“We Did It!” - Assemblywoman Lorena Gonzalez Fletcher Applauds Uber Move to Allow In-App Tipping for Drivers

Tuesday, June 20, 2017

Rideshare Company Will Allow Customers to Add Gratuity to Payment in California by End of July

SACRAMENTO  – (Tuesday, June 20, 2017) – California State Assemblywoman Lorena Gonzalez Fletcher (D-San Diego) – the author of Assembly Bill 1099 to require gig economy companies to provide their customers the option of tipping their drivers with the credit card they used to pay for the service – applauded the announcement by Uber Technologies Inc. today that the company’s drivers in California will be able to receive gratuities through the ride-hailing application.

“We did it! Together, with the hard work of drivers, riders and legislative pressure, Uber is going to allow in-app tips,” Assemblywoman Gonzalez Fletcher said. “Workers should receive the tips they earn. If a customer has to pay with a credit card, they should be able to tip with a credit card. This seems like a very easy and fair concept, and we are glad Uber recognized it needed to modernize its payment practices.”

The Assemblywoman authored AB 1099 to enable customers to tip a worker for their services if they are using a debit card or credit card to make a payment for app-based labor services. Most service apps – such as Lyft, Postmates or Handy – allowed customers to add gratuity to their electronic, in-app payments for the services that were performed. The notable exception to this practice in California and other states has been Uber, which contracts with more than 100,000 drivers in California alone. Today, the company announced that in-app gratuities would be available in Seattle, Houston and Minneapolis and phased in to other markets in California and throughout the United States by the end of July 2017 to the benefit of an estimated 2 million Uber drivers worldwide.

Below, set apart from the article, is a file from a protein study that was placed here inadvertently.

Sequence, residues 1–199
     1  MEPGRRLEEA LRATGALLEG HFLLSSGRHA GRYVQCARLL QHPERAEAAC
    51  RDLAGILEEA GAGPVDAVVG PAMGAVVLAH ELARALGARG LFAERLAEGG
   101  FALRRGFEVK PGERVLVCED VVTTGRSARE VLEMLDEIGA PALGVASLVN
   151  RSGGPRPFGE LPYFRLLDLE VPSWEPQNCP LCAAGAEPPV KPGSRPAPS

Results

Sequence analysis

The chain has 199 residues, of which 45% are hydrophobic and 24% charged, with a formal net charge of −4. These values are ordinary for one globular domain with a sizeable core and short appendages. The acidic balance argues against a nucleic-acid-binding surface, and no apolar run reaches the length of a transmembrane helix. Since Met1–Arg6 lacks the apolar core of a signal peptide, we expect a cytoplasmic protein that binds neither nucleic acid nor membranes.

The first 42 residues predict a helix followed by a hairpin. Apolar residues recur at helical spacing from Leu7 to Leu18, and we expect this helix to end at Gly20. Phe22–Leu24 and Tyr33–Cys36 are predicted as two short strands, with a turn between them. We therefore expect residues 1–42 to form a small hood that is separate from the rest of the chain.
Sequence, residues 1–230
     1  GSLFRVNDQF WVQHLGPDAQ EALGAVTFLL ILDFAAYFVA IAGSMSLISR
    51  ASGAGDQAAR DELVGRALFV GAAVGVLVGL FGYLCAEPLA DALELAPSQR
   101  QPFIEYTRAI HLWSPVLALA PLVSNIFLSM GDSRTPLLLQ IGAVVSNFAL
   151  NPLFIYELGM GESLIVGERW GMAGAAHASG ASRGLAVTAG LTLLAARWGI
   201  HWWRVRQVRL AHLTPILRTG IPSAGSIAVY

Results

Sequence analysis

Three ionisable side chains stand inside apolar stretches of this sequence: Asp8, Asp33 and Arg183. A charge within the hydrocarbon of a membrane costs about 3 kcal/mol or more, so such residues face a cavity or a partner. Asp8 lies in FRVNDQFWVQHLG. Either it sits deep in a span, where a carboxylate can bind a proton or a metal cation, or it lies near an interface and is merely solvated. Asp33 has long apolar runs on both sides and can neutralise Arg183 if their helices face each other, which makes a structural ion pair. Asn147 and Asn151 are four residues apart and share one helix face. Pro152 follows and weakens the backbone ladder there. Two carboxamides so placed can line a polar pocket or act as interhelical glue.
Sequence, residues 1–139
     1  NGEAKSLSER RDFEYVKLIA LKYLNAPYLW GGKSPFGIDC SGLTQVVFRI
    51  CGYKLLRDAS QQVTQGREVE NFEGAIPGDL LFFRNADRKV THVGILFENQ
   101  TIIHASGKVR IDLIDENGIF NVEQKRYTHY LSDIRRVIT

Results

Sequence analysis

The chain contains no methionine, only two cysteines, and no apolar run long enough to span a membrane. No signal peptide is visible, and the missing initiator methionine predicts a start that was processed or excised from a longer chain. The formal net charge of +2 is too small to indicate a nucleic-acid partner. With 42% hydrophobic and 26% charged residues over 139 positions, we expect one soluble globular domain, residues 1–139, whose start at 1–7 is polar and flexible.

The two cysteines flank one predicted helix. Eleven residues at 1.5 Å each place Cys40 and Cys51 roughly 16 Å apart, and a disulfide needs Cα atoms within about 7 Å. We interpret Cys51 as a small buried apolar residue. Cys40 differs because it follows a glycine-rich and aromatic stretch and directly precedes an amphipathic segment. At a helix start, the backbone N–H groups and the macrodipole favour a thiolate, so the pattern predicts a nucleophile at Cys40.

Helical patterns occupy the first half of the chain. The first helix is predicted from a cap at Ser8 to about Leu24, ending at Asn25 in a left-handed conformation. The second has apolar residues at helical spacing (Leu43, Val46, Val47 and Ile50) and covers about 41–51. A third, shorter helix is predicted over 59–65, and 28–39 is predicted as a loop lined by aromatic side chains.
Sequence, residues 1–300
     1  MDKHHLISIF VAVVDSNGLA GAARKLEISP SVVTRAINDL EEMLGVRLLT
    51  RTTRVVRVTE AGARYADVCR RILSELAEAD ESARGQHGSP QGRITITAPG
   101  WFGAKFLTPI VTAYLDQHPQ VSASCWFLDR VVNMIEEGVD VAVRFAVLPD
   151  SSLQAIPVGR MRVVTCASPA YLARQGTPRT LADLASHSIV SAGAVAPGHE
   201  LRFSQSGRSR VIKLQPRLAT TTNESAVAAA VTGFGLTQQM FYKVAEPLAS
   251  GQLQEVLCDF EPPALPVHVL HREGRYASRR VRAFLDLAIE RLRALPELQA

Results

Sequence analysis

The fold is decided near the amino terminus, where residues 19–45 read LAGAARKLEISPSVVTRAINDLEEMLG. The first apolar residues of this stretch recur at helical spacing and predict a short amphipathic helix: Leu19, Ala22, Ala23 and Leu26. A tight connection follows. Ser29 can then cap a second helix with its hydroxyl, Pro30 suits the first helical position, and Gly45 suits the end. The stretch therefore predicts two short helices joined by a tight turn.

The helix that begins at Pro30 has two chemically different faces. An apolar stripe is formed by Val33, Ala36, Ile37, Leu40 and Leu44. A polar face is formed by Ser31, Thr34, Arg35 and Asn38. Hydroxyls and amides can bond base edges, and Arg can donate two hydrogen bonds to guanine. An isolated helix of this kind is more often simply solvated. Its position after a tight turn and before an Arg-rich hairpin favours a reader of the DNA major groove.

The ability for workers in the gig economy and the service industry to collect gratuities from a credit or debit card transaction is becoming more necessary as the economy moves away from cash transactions.

There are as many as 2 million workers in the gig economy, where transactions are almost exclusively made with credit or debit cards. According to the Pew Research Center, 56 percent of gig economy workers say the income they get from their gig work is an “essential or important” part of their finances.

A recent survey revealed that 42 percent of adults do not carry cash. That trend is even more pronounced among young people, with a majority of 18- and 19 year-old respondents stating they do not feel comfortable carrying cash. An estimated 42,000 people work as rideshare drivers in the San Francisco Bay Area alone.

For more information on Assembly Bill 1099 or to schedule an interview with Assemblywoman Gonzalez Fletcher, contact Evan McLaughlin at (916) 319-2080 or (619) 850-2790.